Finding The Right Venue
When it comes time to see what your truck can do in stock form or how much of an improvement your custom tune made, there is no better place for this than your local drag strip. Likewise, many host local, regional, and national events with diesel and truck-only classes. Lastly, the majority of tracks have regular “test and tune” events that are open to all types of vehicles, and they are perfect opportunities for playing around with settings or practicing your launches.
In addition, many Duramax owners compete in sled pulls. These events are popular at many local and state fairs, and they usually have categories for street-driven vehicles. Below are some resources for finding your local track and a few diesel-related racing resources.
A comprehensive list of local drag strip venues: Race Track and Drag Strip Directory | Drag Race Results
One of the largest diesels drag racing events in the country with a list of events: Diesel | Outlaw Diesel Super Series | United States (outlawdieselss.com)
For information about sled and tractor pulling: Home - NTPA Pull
When enjoying those gobs of whiplash-inducing torque, it should be noted there is a time and a place for it. As tempting as it may be, public streets and highways are not the places for racing your truck (or any vehicle for that matter). As such, please keep the need for speed confined to a local drag strip or other sanctioned events.
Best Duramax Generations to Drag Race
Although every Duramax has its strengths and weaknesses, the short answer is, all of them!
However, the LBZ is generally regarded as the best for performance applications since it was the last (and most powerful) pre-emissions motor. With that said, here are a few advantages and disadvantages of each Duramax generation.
While the LB7 and LLY are the weakest of the lot, (namely the connecting rods) they are still good for 550-600 rwhp. Likewise, they are pre-emissions motors, easy to modify, and by far the cheapest trucks of the group. As such, they are quite popular and perfect for someone looking to get into Duramax racing.
The LBZ, as mentioned above, is the most desirable courtesy of its upgraded internals, extra power, and it was not saddled with the emissions-control components that debuted on the LMM. However, if you are in the market for an LBZ keep in mind they sell for a premium. The LMM retained its predecessor’s upgrades although it suffered from poor fuel economy and reliability issues that are largely attributed to the particulate filter and regeneration.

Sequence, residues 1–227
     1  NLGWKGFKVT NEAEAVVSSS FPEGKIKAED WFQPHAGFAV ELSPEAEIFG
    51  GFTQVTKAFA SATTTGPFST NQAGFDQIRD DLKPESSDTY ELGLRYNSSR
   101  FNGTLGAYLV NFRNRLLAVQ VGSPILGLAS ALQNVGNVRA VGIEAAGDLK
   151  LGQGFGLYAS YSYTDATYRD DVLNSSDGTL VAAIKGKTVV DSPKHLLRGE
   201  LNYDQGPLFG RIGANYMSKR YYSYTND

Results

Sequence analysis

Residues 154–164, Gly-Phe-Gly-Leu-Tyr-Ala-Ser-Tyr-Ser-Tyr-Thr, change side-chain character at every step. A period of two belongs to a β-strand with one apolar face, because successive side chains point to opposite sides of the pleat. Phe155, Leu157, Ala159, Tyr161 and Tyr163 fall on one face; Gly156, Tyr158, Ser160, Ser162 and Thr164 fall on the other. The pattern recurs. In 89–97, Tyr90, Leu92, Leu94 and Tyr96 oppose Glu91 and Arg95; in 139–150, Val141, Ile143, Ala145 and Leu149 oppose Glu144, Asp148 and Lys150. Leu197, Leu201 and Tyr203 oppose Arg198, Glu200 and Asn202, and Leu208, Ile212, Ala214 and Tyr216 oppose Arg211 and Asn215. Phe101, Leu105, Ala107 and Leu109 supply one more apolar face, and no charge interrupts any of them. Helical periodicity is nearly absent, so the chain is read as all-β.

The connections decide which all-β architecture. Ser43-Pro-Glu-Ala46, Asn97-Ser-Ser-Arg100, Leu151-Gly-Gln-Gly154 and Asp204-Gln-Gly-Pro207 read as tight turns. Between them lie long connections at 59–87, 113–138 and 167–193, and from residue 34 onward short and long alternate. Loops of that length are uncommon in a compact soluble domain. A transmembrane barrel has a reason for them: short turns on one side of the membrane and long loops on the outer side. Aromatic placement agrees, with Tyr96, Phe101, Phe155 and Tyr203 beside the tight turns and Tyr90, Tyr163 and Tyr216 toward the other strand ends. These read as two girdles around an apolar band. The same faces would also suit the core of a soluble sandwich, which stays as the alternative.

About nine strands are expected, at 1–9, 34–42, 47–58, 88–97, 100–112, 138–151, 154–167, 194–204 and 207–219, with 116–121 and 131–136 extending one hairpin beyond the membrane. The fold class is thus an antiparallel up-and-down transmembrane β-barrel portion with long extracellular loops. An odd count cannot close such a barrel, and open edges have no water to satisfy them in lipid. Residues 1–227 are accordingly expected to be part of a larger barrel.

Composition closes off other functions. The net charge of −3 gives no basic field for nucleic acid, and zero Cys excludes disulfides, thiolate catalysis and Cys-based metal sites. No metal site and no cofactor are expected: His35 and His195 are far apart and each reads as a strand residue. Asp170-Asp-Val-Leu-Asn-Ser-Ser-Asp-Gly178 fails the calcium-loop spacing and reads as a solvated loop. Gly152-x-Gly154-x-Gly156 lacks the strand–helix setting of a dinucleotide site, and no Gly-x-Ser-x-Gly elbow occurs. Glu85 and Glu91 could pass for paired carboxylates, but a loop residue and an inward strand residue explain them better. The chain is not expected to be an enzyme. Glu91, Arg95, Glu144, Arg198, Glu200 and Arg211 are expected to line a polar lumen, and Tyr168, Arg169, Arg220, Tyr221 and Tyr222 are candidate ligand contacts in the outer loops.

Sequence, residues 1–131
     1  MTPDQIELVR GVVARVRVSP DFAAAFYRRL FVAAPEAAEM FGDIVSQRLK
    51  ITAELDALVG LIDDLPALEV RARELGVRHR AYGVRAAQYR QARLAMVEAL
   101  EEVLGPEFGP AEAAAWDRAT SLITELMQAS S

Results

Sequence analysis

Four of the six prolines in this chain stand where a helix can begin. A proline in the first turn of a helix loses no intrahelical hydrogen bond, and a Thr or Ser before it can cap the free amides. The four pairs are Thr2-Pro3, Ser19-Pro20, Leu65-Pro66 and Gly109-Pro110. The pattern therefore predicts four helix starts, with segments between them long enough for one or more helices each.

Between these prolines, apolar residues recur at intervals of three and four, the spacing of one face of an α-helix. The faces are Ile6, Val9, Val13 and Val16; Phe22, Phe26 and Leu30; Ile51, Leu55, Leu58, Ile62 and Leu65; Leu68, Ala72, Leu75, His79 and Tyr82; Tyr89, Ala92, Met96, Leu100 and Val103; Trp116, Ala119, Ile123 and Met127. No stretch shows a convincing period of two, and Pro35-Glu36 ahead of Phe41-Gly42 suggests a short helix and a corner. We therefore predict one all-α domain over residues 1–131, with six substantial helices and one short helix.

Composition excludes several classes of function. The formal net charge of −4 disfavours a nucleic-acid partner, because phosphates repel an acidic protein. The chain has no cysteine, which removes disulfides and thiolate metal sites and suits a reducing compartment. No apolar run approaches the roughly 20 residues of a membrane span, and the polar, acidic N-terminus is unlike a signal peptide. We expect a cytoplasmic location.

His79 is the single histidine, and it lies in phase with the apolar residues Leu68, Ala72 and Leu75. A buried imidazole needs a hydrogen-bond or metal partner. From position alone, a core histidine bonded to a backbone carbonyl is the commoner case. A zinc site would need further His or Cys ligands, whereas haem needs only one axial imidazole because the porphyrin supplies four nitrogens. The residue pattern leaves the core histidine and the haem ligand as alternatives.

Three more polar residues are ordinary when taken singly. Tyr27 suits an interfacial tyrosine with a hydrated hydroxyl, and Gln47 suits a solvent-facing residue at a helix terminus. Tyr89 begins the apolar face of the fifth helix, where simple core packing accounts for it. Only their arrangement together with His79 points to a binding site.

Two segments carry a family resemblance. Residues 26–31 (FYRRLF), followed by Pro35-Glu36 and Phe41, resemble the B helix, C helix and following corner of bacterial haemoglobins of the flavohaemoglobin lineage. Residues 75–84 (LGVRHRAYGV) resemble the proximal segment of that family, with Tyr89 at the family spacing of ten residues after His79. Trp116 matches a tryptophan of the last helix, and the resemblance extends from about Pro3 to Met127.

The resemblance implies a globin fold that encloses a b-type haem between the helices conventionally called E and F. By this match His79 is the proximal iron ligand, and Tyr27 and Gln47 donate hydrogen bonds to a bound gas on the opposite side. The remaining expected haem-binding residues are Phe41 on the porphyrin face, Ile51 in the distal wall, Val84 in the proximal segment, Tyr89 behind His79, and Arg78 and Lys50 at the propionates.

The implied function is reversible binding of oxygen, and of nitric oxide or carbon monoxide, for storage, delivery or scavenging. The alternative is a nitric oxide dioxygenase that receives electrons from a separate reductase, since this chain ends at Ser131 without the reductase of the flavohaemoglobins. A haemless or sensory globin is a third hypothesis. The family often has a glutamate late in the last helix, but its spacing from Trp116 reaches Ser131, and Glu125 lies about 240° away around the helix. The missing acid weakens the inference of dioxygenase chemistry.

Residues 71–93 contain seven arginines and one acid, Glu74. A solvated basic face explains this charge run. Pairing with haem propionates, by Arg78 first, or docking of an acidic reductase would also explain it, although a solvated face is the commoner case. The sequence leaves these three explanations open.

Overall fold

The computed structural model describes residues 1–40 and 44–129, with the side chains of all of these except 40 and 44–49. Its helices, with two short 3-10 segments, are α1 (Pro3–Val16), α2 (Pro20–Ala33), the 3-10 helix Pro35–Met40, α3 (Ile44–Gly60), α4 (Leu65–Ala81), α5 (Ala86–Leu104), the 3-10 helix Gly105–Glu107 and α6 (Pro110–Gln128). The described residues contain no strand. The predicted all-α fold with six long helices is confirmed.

The LML is often overlooked even though it was the strongest and most powerful Duramax to date. However, it is less responsive to modifications due to the added emissions control equipment and anything above 500 rwhp involves a common rail pump upgrade that will cost around $2,000-$3,000.
Finally, there is the L5P that debuted in 2017. However, being fairly new and the fact many owners prefer to not void their warranties with performance mods, there is only limited information on the L5P’s potential. With that said, it is the most powerful Duramax to date and is regarded as being stronger than the LML. Likewise, it largely addressed the issues with the common rail pump and the emissions control equipment.
The Duramax has proven itself to be a workhorse with excellent potential. As a credit to its design, there is not a version that can be considered as bad. While the LBZ is the most coveted of them all due to its upgraded internals and it was the last pre-emissions motor, the LB7 and LLY are capable platforms that can handle 550 to 600 hp with ease. Either way, more than enough power for most and reaching levels beyond that involves spending well over $10,000.
When it comes to power, the Duramax responds well to modifications and 500 hp can be had for a $2,000 budget. Easily tuned and arguably overbuilt, there is a reason why the Duramax is one of the most popular diesels when it comes to performance applications and Merchant Automotive is the clear option for all your Duramax drag racing needs. Whether it’s an exhaust and intake, or a full common rail upgrade; Merchant is the first and last place you’ll need to shop.
We’ve made Duramax and Allison transmissions our passion for over 20 years, and there isn’t a shop on the planet with more in-house expertise than Merchant Automotive.